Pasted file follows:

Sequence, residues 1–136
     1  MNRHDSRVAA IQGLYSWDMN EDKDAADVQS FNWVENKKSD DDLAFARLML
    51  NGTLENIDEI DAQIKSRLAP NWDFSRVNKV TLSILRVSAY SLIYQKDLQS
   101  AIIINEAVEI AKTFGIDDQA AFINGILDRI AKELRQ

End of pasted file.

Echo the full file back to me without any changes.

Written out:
Sequence, residues 1–136
     1  MNRHDSRVAA IQGLYSWDMN EDKDAADVQS FNWVENKKSD DDLAFARLML
    51  NGTLENIDEI DAQIKSRLAP NWDFSRVNKV TLSILRVSAY SLIYQKDLQS
   101  AIIINEAVEI AKTFGIDDQA AFINGILDRI AKELRQ